A chance conversation with a Provenal vigneron leads to the most unlikely of quests - a hunt to find France's palest ros. Extremely Pale Ros is a richly entertaining and informative account of the travels of Jamie, his wife Tanya and their ebullient friend Peter, as they take up this challenge. Giving up their lives in London, they quickly discover an unfortunate truth - the French won't treat ros or their quest seriously. Ros is seen as a poor cousin to red and white wine, drunk as an aperitif or to wash away the taste of spicy food. In bars, boulangeries and boucheries from Bordeaux to Bandol, Jamie, Tanya and Peter are recommended diverse vineyards to visit, and as they travel they encounter the beginnings of a ros revolution - French attitudes to pale pink wine appear to be changing, but is it too little too late to help them succeed in their quest? With wit, candour and wonderful storytelling, Jamie Ivey maintains a tradition of excellence in food and travel writing. Readers are left with dreams of France, summer days, baguettes, and . . . extremely pale ros.
Enraptured critics praised Bart Schneider's first novel, Blue Bossa, as "a haunting portrait ... a new work of art" (Chicago Tribune), "a heart-rending story" (San Francisco Chronicle), and "superb . . . masterful . . . breathtaking" (Minneapolis Star-Tribune). Now, Schneider writes about a time simmering with social revolution, but rarely explored in fiction: the mid-1960s in San Francisco. Secret Love tells a double love story. Jake Roseman, a fortyfive-year-old widowed attorney and media darling, whistles jazz as he leads protests with a surer touch than he can apply to his personal life. When Nisa Bohem, a young black actress and activist, recently moved to Chinatown, is drawn to Jake, the two embark on an exquisitely playful and complex romance. Nisa's actor friend Peter also crosses the color line in his love for Simon Sims, the estranged son of a Baptist minister who tries to reconcile his homosexuality with his participation in the Nation of Islam. All four find themselves navigating a strange country of taboo relationships, in the shadow of the Golden Gate. A compelling novel with vivid characters, steeped in the atmosphere and action of the times, Secret Love will appeal to readers who were present in the sixties and to new generations fascinated by an unforgettable period in American history.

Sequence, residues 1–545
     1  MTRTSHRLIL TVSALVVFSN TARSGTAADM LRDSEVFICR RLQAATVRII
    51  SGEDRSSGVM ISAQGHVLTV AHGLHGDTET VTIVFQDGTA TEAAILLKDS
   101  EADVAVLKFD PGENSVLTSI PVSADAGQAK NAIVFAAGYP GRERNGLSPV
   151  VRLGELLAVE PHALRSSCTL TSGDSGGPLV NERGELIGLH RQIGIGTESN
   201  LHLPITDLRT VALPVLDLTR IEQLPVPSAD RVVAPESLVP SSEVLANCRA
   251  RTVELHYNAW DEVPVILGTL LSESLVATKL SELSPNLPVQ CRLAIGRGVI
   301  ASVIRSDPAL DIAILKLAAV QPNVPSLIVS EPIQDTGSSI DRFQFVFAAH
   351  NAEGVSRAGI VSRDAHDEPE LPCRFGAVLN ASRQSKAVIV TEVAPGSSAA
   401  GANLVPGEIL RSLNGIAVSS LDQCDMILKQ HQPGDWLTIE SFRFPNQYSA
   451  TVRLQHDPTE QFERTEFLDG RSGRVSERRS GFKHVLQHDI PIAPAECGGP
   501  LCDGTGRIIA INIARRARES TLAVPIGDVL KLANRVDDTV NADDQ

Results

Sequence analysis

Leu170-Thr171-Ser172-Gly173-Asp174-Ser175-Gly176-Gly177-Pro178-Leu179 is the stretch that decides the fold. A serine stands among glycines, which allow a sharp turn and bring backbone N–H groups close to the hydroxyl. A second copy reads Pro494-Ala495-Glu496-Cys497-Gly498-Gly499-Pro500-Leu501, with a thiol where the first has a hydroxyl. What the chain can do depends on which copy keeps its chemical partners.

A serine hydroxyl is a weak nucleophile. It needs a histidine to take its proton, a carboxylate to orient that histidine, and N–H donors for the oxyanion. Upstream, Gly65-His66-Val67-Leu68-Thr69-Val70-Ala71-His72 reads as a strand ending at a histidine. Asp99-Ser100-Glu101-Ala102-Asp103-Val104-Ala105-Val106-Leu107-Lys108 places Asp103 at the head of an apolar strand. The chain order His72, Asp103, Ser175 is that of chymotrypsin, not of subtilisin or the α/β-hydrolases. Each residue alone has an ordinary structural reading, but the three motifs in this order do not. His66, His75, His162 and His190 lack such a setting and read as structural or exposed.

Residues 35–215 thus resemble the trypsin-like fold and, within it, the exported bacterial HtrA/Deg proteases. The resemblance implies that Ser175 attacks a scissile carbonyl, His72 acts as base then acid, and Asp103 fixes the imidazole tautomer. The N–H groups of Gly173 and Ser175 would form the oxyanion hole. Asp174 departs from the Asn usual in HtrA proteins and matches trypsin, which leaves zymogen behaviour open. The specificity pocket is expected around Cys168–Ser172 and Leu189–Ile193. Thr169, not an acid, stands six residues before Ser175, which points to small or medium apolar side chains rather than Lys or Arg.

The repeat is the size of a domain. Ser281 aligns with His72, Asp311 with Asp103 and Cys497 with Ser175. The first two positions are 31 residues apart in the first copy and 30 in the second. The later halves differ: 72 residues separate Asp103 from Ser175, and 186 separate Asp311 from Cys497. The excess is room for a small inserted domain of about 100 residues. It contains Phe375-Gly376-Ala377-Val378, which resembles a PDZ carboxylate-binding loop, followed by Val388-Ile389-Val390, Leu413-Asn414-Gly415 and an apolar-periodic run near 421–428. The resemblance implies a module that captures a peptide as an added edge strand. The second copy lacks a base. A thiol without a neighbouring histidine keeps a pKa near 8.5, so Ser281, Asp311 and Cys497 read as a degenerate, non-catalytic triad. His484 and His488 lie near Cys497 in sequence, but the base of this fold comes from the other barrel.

Since its inception the United States has sent envoys to advance American interests abroad, both across oceans and to areas that later became part of the country. Little has been known about these first envoys until now. From China to Chile, Tripoli to Tahiti, Mexico to Muscat, Peter D. Eicher chronicles the experience of the first American envoys in foreign lands. Their stories, often stranger than fiction, are replete with intrigues, revolutions, riots, war, shipwrecks, swashbucklers, desperadoes, and bootleggers. The circumstances the diplomats faced were precursors to today?s headlines: Americans at war in the Middle East, intervention in Latin America, pirates off Africa, trade deficits with China. Early envoys abroad faced hostile governments, physical privations, disease, isolation, and the daunting challenge of explaining American democracy to foreign rulers. Many suffered threats from tyrannical despots, some were held as slaves or hostages, and others led foreign armies into battle. Some were heroes, some were scoundrels, and many perished far from home . From the American Revolution to the Civil War, Eicher profiles the characters who influenced the formative period of American diplomacy and the first steps the United States took as a world power. Their experiences combine to chart key trends in the development of early U.S. foreign policy that continue to affect us today. Raising the Flag illuminates how American ideas, values, and power helped shape the modern world.
Dieses Buch verffentlicht erstmals den Nachlass des radikalen Demokraten der Mrz-Revolution Karl Nauwerck (18101891). Es wertet die aufgefundenen persnlichen und literarischen Dokumente der Jugendzeit kritisch aus und publiziert die Archivalien seines Vaters Ludwig, seiner Kinder und Enkel, die ebenfalls im Karl-Nauwerck-Familienarchiv (KNFA) gesichert sind. Die vielfltigen Dokumente und Briefe belegen die politischen, gesellschafts- und kulturgeschichtlichen wie persnlich-privaten Beziehungen zwischen der Familie Nauwerck und bedeutenden Persnlichkeiten seit Ende des 18. Jahrhunderts: J. W. v. Archenholtz, C.L. Fernow, J.W. Goethe, J.H. Meyer, C.F. Zelter, F.D. Bassermann, R. Blum, S. Born, A. Geiger, M. Hartmann, A. Herzen, A.H. Hoffmann v. Fallersleben, J. Jacoby, A. Ruge, F.T. Vischer oder C. Vogt.